[10] Commission Decision of 30 November 2009 determining the first regions for the start of operations of the Visa Information System (VIS) (notified under document C(2009) 8542)

[12] Ibid

[14] Regulation (EC) No 1987/2006 of the European Parliament and of the Council of 20 December 2006 on the establishmend, operation and use of the second-generation Schengin Information System (SIS II).

[15] Council document, Schengen Information Database Statistics 01.01.2011, 6434/1/11. 

[16] Regulation (EC) No 1987/2006 of the European Parliament and of the Council of 20 December 2006 on the establishmend, operation and use of the second-generation Schengin Information System (SIS II).p. 8. See also Parkin p. 30.

[17] Conclusions of the JHA Council meeting of 5-6 June 2003, No. 9845/03, p. 16.

[18] Council regulation No 871/2004 concerning the introduction of some new functions for the Schengen

Information System including in the fight against terrorism.

[19] Joanna Parkin. „A very comprehensive study on the SIS and the SIS II project, The Difficult Road to the

Schengen Information System II: The legacy of ‘laboratories' and the cost for fundamental rights and the rule of law“, April 2011, Centre for European Policy Studies, p 28 -29.

[20] Ibid. p. 31-32

[21] Commission Communication on an Overview of information management in the area of freedom,

security and justice, COM(2010)385,

[22] States most often use article 96 of the CISA, which concerns aliens, to register someone in the database. Article 99 of the CISA concerns persons registered for purposes of discreet surveillance or prosecution of criminal offences. See also Joanna Parkin p. 6

[23] Joanna Parkin, p 6.

[24] Ibid, p 7.

[25] European Data Protection Supervisor, Opinion (2005/C 181/6).

[26] European Data Protection Supervisor, Opinion (2006/11 C91/38), and Parkin p 28.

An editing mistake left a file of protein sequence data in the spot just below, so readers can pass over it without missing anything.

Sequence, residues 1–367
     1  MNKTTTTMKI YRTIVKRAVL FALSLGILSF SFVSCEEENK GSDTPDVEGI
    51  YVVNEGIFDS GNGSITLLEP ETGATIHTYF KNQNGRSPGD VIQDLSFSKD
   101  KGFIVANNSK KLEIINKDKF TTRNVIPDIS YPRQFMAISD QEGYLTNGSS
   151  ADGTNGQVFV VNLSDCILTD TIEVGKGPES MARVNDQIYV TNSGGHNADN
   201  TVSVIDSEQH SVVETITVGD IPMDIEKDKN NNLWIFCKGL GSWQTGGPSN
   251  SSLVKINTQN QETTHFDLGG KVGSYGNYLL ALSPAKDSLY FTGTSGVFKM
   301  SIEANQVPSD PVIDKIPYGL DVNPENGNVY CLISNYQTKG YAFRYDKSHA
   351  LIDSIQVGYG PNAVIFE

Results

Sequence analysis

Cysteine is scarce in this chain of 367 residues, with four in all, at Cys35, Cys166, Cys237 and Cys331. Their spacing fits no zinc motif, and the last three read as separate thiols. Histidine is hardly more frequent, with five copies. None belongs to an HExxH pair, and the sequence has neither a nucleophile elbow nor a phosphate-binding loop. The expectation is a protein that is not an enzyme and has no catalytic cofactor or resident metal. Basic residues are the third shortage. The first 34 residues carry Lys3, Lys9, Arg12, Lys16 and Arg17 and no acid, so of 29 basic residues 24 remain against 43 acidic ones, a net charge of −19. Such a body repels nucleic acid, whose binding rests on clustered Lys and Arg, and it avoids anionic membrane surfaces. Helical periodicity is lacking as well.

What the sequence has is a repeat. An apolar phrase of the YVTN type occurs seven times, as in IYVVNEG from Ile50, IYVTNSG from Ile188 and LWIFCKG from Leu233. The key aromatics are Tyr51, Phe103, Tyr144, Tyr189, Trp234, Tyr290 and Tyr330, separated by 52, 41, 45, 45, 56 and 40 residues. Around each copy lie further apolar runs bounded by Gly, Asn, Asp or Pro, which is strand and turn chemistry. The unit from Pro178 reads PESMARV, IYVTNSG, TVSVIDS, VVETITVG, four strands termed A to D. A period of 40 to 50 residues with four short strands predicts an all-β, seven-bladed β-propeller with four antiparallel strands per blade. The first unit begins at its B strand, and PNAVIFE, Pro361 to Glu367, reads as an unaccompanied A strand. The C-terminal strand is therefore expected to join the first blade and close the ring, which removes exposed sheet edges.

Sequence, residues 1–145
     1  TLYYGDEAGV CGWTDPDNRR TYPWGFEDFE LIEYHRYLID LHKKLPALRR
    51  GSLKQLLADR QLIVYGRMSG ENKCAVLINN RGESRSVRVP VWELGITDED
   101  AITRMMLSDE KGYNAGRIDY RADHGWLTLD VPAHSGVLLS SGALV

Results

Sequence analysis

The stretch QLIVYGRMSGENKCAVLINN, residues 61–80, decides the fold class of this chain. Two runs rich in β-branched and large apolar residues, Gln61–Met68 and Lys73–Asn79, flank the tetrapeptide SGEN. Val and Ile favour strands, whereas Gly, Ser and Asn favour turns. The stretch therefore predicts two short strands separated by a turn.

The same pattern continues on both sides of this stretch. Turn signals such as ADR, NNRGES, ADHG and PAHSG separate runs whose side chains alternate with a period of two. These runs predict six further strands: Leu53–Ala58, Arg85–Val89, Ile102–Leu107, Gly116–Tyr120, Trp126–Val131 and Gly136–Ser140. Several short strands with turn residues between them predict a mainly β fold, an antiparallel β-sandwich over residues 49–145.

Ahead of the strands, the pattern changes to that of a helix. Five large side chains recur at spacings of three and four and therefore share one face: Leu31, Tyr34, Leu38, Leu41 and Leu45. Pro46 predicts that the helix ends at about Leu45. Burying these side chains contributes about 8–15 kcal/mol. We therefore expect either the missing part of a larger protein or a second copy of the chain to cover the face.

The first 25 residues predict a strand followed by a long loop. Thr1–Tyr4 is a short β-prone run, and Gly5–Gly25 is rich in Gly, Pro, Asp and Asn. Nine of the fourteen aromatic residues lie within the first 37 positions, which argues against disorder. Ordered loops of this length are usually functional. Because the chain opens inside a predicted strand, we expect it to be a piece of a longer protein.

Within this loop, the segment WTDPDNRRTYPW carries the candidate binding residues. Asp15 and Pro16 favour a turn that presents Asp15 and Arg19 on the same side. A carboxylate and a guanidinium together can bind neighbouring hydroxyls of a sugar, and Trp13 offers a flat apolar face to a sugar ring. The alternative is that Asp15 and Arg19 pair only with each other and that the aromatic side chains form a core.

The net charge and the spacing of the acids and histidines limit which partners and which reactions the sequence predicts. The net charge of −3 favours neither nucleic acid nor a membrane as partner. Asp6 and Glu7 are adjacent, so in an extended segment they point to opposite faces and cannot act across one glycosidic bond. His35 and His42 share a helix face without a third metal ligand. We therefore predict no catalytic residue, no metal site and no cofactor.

[27] ECtHR, Case of S. Marper v the UK, 30562/04, 30566/04.

[28] Council Regulation (EC) No 2007/2004 of 26 October 2004 establishing a European Agency for the Management of Operational Cooperation at the External Borders of the Member States of the European Union (Frontex).

[33] Florian Trauner, Imke Kruse, “EC Visa Facilitation and Readmission Agreements: Implementing a New EU Security Approach in the Neighbourhood”. CASE (Centrum for Social and Economic Research), 2008, CASE Network Studies and Analyses No. 363, p 12.

[34] Communication from the European Commission and the European Parliament, 11.03.03, Wilder Europe – Neighbourhood: A New Framework for Relations with our Eastern and Southern Neighbours, p 4.

[36] Abdelkhaleq Berramdane, La Politique de Voisinage de l'Union Européenne in “Voisinage et Bon Voisinage à la Croisée des Droits Internes, International et Communautaire”, CECISE, Université Pierre-Mendès France de Grenoble, 2009.

[37] Katerina Stancova: EU Migration Policy & ENP, executive summary of the book: Stancova, Katerina. 2009.  “Integrating EU Migration Policy into the European Neighbourhood Policy. The Origins, Achievements and Prospects.” VDM Verlang Dr Muller.